Who Picks The Music At Your Church?
“Nothing divides and unites people like music,” I told Ed my old neighbor from Saskatchewan. Summer always finds various Music Festivals in Saskatchewan. They make it easy for people to take in the music they want to hear. I was excited to hear Ed and Ruby had attended the Craven Country Jamboree this year.
Ed wanted me to understand that it was too expensive to be there for the whole time when I asked him if they got to hear: Dierks Bentley, Luke Bryan, Chris Young or Clay Walker. “Probably,” was Ed’s answer which had me wondering what happened to Ed at the Jamboree.
It seems that Ed ran into several old friends that he had not seen for a long spell, and he spent a lot of time talking with those folks and sharing a beer or two with them. When he finally got to the performances, he fell asleep in spite, of the crowd and noise. He claims that he heard the performers, but Ruby says that he was sleeping more than he was awake.
I told Ed that I would like to have attended the Sandy Creek Gospel Jamboree at Besant west of Moose Jaw, but he said that gospel was not his kind of music. So, I said that what would be even better would be to attend the Symphony Under the Sky at the Motherwell Homestead, Aug. 25. Here again, Ed said that he doesn’t want symphony music. I understood this as I would not take in a Jazz Festival.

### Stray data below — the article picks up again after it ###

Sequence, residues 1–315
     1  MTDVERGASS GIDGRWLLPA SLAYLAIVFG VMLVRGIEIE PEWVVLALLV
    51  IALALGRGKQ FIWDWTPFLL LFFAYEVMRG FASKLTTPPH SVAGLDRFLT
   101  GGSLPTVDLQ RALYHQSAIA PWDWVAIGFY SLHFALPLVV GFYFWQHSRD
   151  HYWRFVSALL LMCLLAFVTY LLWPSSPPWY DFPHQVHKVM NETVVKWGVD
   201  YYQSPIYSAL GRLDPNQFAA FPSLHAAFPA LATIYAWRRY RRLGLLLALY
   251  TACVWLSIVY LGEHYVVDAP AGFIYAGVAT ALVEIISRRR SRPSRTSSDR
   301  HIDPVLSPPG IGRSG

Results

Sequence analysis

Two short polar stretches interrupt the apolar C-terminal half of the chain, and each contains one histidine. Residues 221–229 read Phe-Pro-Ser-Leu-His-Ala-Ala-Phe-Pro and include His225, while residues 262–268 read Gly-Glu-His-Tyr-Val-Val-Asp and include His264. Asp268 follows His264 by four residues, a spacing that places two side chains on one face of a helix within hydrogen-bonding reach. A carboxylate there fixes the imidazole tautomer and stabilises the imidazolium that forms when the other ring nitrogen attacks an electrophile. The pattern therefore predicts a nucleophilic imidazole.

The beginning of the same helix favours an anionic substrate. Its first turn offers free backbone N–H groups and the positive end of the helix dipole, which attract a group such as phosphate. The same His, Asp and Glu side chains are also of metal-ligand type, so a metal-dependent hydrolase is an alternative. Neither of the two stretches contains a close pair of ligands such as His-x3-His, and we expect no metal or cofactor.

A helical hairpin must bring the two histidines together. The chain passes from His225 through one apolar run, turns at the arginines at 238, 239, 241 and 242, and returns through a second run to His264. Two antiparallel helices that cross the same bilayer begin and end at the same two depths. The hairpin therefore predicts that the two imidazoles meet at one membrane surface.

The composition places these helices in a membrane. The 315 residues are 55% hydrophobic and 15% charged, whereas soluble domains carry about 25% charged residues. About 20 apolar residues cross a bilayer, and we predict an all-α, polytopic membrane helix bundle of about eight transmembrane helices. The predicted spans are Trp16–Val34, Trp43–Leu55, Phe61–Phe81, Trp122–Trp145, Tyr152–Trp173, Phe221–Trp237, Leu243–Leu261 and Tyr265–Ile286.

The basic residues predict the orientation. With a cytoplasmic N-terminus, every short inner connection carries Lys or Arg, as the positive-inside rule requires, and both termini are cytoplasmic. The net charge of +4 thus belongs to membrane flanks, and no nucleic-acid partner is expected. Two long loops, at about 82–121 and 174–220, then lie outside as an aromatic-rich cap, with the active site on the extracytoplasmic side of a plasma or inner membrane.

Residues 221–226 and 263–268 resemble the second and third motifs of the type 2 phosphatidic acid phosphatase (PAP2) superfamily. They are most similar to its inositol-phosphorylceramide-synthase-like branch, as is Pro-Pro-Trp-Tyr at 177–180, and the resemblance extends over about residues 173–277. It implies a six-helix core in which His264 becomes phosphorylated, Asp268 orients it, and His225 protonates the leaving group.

Music indeed can unite us and separate us. B. Auerbach said of music; “Music washes away the dust of every day.” Martin Luther said, “Next to the word of God the noble art of music is the greatest treasure in the world.” E.Y. Harburg said of music: “Words make you think a thought. Music makes you feel a feeling. A song makes you feel a thought.”
If music divides folks, it is undoubtedly true in the church. Some prefer having contemporary music to singing hymns from a hymnal. Do hymnals get a bad rap in today’s world where everyone likes to choose the music that appeals to their tastes? Hymnals seek to gather psalms, hymns and spiritual songs that confess all God has done for us in thanksgiving and praise. Hymnals and contemporary Christian music writers try to present melodies and texts that can nourish God’s people in every generation.
There is only one reference to Jesus singing in the Bible which is at the end of the Last Supper. Mark 14:26 “And when they sang a hymn they went out to the Mount of Olives.” We sing with our hymnals and contemporary music the good news of God’s love for a world lost in sin and death. God offers a festival of forgiveness and new life to anyone seeking acceptance as a repentant sinner.
Chris Tomlin wrote the good news in a contemporary song this way: “I am forgiven because you were forsaken, I’m accepted, You, were condemned, I’m alive, and well, Your, spirit is within me, Because You died and rose again. Amazing love, how can it be? That You, my king would die for me. Amazing love, I know its true, It’s, my joy to honor You.”